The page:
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It was something that consumed families long before I was born. In fact, it wasn't until I was 7 years old, that I realized visions of this all consuming matter, filled our black & white portable television set. It was there where I saw, on 1 of the 3 channels we possessed, reporters and anchormen talking about some kind of war in a place called Vietnam, as helicopters could be heard swirling in the background. I was a 2nd grader... what did I know (?), other than to try and understand why grown ups around me looked so upset and scared about what was being reported. An entity that bombarded their television sets with no apparent end in sight. By the time I reached high school, I found myself wanting to learn more about Vietnam and why it existed, and why it dared to affect so many families across the nation. For me, reflecting on Vietnam was really the first time I understood the sacrifices that were being made, whether or not it was considered a justified war in the eyes of Americans. The Revolutionary War, Civil War, World War I & II and the Korean War were all taught in school, but because the Vietnam War was somewhat closer to my generation, I felt that I related (from a comfortable, spoiled and far distance) to what soldiers/veterans had gone through for our country.

These were young men that my father taught in high school. Mere teenagers who frequented the same places I did in our small community. There was a sense of knowing them because we grew up in the same neighborhoods. Yet, never having direct contact, but rather a sense of being.

The above is the story and the reality I carry for myself. So, when this past Sunday (June 24th) rolled around and as I prepared to attend the unveiling of Anaconda's Vietnam Veteran Memorial, what I told myself before and what I knew right then and there, was that my memory of what I had studied and seen on TV about Vietnam as a child, NOWHERE COMPARED OR MATCHED the firsthand experiences and heartaches of the men and women who came to honor these soldiers. By way of friendship or family, the sight of hundreds attending, left me feeling humbled and lucky to have had such heroes from our county defend our country. These men, mostly by way of draft cards, sacrificed their lives in something to be considered one of the most controversial war efforts involving America. Tears came to many bystanders at the Vietnam Memorial Ceremony, as the eight young men from Anaconda who died in the conflict were revealed with their names engraved on black marble on a somber, yet breath taking memorial. Surrounding it, are the names of those who have served in the military, as well.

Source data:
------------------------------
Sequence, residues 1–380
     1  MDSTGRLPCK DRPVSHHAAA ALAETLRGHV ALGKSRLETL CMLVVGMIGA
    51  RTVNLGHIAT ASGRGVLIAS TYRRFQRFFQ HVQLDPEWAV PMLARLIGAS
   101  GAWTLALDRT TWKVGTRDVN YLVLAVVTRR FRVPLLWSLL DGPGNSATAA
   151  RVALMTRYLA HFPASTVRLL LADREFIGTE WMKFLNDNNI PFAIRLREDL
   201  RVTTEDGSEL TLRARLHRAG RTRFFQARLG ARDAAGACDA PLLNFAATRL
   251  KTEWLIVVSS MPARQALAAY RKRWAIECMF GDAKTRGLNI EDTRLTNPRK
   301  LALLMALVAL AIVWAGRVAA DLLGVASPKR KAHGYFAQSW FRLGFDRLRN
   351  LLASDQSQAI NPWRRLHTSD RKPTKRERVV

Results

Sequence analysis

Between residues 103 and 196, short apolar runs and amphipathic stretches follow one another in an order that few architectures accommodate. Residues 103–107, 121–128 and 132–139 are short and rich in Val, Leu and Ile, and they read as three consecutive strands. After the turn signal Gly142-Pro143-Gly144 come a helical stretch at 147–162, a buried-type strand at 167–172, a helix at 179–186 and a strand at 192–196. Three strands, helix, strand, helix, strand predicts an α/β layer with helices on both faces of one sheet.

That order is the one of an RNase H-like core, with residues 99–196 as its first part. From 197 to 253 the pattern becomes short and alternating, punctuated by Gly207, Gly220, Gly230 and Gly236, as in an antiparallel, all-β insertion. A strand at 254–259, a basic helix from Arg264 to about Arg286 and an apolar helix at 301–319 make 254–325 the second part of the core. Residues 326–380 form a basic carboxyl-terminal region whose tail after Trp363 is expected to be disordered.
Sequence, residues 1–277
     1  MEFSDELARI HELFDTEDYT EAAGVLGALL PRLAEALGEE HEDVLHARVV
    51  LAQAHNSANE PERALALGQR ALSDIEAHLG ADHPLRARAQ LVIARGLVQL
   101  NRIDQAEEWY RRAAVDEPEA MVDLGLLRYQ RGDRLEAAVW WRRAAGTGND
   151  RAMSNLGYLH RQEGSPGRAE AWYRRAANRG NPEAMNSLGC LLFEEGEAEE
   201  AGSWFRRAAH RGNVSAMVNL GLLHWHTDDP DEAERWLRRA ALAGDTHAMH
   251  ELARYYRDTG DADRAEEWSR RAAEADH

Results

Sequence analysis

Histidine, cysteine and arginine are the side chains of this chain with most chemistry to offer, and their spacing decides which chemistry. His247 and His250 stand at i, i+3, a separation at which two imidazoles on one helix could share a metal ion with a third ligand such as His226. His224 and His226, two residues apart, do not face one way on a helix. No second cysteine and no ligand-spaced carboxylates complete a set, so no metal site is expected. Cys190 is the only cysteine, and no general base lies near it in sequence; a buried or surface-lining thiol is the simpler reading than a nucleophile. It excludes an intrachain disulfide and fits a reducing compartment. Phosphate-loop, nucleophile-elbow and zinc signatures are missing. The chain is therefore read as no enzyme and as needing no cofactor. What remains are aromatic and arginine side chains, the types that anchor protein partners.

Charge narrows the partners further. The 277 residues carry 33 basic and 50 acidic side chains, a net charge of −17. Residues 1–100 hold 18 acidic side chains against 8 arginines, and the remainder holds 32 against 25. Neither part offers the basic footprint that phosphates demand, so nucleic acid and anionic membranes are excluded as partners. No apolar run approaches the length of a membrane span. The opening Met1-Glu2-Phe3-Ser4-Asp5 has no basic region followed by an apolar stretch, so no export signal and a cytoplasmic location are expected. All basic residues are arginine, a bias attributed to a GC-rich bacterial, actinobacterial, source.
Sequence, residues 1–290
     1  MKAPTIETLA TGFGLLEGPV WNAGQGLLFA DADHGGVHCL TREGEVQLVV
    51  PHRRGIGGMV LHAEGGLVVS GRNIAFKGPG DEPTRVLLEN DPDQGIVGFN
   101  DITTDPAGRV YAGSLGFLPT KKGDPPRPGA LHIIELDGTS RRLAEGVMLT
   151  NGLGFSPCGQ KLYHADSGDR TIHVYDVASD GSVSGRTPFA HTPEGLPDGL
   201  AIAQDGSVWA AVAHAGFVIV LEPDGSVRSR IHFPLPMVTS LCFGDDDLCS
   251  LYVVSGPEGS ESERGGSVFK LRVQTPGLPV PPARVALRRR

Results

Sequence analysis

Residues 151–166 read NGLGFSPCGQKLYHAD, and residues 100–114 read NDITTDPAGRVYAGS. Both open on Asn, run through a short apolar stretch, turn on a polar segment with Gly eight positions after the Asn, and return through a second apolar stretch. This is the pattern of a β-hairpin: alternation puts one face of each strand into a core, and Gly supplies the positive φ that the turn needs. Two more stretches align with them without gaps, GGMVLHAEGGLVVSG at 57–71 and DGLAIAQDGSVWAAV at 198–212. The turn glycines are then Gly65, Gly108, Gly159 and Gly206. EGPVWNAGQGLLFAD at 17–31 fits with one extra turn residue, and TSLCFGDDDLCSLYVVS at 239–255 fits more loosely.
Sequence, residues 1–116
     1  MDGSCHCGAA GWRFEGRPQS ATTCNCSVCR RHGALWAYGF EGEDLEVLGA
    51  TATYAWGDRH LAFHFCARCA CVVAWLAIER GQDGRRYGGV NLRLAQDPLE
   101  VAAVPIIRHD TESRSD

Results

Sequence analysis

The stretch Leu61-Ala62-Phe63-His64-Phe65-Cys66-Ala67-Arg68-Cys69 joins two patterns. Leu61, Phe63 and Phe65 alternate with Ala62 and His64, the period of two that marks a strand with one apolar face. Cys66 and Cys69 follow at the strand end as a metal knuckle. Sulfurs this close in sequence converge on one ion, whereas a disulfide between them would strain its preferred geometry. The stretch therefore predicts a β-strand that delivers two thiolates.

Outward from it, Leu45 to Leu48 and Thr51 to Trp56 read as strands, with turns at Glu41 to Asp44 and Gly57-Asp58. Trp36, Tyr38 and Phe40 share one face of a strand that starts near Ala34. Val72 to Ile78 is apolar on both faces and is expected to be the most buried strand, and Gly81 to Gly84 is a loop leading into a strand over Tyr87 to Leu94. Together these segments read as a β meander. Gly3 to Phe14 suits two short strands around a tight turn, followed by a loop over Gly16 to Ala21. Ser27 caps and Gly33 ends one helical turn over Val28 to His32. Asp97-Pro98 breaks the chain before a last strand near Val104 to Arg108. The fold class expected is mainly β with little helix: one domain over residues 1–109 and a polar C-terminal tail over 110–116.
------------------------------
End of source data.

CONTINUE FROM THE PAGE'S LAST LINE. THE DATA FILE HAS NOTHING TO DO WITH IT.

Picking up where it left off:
With Pastor Phil Masters leading in prayer, veterans and Deer Lodge County CEO Bill Everett, paid tribute with many heart felt speeches. Soon after, Judge Ray Dayton gave his firsthand account of how the receipt of his brother Fred's draft letter would forever change his family's life. He went on to say that although Fred returned home unlike so many soldiers, he was still a casualty of war, succumbing to health problems related to his tour and agent orange. There were no health implications regarding agent orange at the time; a herbicide, dioxin mixture used by the U.S. military at Vietnam. In the aftermath, thousands of soldiers had health related issues as a result of this toxin.

The ceremony continued on with the inevitable uneasiness of war, but also prevailed as a celebration of bravery for the many men and women who served and continue to serve in the United States military. According to the Anaconda Local Development Counsel, Vietnam veteran Mickie Nazer is credited for spearheading the Memorial project in Anaconda. Through the help of grants and donations, the Anaconda Vietnam Era Veterans Memorial Association was able to effectively raise funds needed for the project.

To view this inspiring memorial dedicated to Anaconda's eight fallen veterans of Vietnam and the many amazing service men and women of our country, just take a scenic drive to Anaconda, Montana then head to Kennedy Common outdoors on the corner of West 4th Street and Main Street.

I know each time I view it, I will resort to remembering my first encounter of the Vietnam War on television at the age of 7, all the while knowing that my "living room war" experience (now.tufts.edu) could NEVER mirror or help me to phathom what these stellar soldiers went through in combat for us.

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